Distance: 22 km (Cum: 330 km)
Ascent: 1220 metres (Cum: 17,670 metres)
Time taken: 8.25 hrs including 1.75 hrs stops
Weather: sunny and hot
A truly beautiful day on which to continue our journey. It was a fairly standard 'up and down' day on GR10, with a few day walkers and folk in training for something more serious seen. But trekkers are absent from today's list of encounters.
After a tasty breakfast straight from the boulangerie, we settled our bill and left the drowsy town sometime after 9 am. An excellent path took us up through sun dappled woods for an hour or so, when we reached the sunlit haven of Hotellerie de la Reine Hortense. Coffee was in order, but my real purpose for stopping, stimulated by the book I read yesterday, was to chat to the hundred year old man sitting outside with his binoculars trained on Cauterets far below.
Oops! I should apologise. It was John Howarth, from near Clitheroe, on holiday with his wife Alice, and John is a mere 88 interesting years old. His daughter married a Frenchman, so they spend quite a bit of time in this lovely spot, which I gathered was part of the family's property empire. Alice had been thrilled to be given a quad bike ride to Col de Riou by her grandson.
We dragged ourselves away from this most pleasant of encounters, too climb steadily up to the same spot - the 1949 metre Col de Riou. A lovely climb through shady woods and then up a lazily switchbacked path over open ground with Alpenrose finally coming into flower.
Lunch on the summit (pictured) - a delicious home made goats cheese and tomato baguette, was savoured in the summer heat that will no doubt bring storms in the days to come. But currently it just feels like a regular heatwave.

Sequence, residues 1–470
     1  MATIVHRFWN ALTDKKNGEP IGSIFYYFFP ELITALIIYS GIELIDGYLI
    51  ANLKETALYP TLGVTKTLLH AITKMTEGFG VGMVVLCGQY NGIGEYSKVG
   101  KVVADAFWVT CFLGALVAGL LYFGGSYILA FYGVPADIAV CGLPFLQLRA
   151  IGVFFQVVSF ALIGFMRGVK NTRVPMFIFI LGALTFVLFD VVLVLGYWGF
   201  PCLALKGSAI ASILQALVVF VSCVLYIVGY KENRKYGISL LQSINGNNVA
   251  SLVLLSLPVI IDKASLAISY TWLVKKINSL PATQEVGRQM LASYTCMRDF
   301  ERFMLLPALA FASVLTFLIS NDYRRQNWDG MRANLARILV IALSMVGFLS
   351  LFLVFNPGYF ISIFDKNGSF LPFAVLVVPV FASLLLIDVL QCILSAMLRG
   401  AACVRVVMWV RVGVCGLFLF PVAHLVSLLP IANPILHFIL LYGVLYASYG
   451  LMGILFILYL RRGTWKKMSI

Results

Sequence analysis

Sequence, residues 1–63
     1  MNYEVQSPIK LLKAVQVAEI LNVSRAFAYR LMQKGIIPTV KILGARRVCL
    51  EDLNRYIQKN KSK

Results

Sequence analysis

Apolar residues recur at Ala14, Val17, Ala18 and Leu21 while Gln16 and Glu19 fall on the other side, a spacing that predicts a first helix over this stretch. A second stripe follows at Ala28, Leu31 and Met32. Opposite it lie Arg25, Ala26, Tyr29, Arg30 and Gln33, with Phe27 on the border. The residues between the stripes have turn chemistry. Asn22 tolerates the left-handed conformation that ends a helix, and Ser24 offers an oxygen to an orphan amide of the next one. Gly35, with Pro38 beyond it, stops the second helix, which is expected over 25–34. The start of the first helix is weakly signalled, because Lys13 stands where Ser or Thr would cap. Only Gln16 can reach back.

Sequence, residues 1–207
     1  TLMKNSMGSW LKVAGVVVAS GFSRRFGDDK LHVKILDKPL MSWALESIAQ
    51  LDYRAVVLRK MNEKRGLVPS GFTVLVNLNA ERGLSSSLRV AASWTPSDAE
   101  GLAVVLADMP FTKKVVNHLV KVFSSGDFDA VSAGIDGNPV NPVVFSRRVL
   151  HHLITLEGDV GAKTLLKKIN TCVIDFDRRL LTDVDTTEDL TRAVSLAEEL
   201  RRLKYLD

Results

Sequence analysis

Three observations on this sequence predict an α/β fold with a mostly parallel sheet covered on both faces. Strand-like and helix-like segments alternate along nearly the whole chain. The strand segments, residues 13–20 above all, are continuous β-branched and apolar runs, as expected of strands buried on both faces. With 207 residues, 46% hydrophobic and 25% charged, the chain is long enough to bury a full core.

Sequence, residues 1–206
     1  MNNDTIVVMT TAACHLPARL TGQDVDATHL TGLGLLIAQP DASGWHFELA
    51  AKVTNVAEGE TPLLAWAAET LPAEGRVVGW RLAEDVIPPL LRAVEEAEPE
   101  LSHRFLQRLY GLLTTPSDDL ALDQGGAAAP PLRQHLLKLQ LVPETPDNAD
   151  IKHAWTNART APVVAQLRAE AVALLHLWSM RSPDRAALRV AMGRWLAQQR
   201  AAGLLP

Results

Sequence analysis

The east side of the col was scarred with ski debris, but we soon got past that and onto delightful paths, mainly through woodland, for the rest of the day.
Grust was a smart little village whose residents were enjoying their Sunday lunches outside in the sun. We savoured some yogurts on a bench by the fountain that spurts water that flows from nearby springs under the church that dates from 1731.
After the village of Sazos the path rose to contour through woodland to the south of Luz. A magical path that eventually led down to Pont Napoleon, where a 90 metre bungee jump was in full flow. We stopped nearby for a coke break, which was punctuated by regular screams as the bungee victims were chucked off the bridge.
From the bridge, near where I recall getting a lift in a delivery van last time I was there, as I was too early in the season for a bus to Gavarnie, it was a pleasant stroll into Luz, where we were booked in to the Le Piolet gite. We had passed nice looking gites in Grust and Sazos, but had decided to honour our Le Piolet booking.
The gite was shut. They might have told us! Next door was a Youth Hostel. We booked in and we have our own room. There's no sign of anyone else staying here.
Since Susan and Roy (TGO Challenge friends from the USA) are staying at the Hotel des Templiers next week, we thought we'd better carry out a survey for them. It's very 'french'. The staff wear berets and the €25 menu features snails or salad (with courgette shavings and dotted balsamic vinegar), then a choice of gallettes (crêpes made from fancy flour), with courgette shavings and dotted balsamic, then a choice of crêpes for dessert.
Quite tasty but a bit expensive and repetitive. Round the corner, pizzas were about €10.
Walking around town, it was clear to see the devastation caused by the mid June storms. As with Cauterets, access has been limited due to destroyed roads, and businesses here are no doubt suffering badly.
I was pleased to hear that Andy Murray has won at Wimbledon.
Sent from our GR10 trip - see here for our itinerary